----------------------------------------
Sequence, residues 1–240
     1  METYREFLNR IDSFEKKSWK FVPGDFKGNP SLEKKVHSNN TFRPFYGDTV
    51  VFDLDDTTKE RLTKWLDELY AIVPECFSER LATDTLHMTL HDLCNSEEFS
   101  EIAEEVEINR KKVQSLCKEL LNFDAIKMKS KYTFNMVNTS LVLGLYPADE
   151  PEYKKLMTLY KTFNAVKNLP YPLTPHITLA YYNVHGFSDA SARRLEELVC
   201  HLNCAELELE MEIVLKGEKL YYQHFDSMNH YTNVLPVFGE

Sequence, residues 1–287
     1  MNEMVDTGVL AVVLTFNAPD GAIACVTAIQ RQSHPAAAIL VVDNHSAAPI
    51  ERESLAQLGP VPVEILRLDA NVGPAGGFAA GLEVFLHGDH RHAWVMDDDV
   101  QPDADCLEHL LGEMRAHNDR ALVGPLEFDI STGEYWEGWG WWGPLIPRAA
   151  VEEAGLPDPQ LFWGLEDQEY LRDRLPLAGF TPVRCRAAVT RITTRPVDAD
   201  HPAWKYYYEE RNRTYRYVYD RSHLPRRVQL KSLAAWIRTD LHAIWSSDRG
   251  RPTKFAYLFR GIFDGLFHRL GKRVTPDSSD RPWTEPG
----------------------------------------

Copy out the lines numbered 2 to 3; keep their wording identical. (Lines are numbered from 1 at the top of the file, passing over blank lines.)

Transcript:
     1  METYREFLNR IDSFEKKSWK FVPGDFKGNP SLEKKVHSNN TFRPFYGDTV
    51  VFDLDDTTKE RLTKWLDELY AIVPECFSER LATDTLHMTL HDLCNSEEFS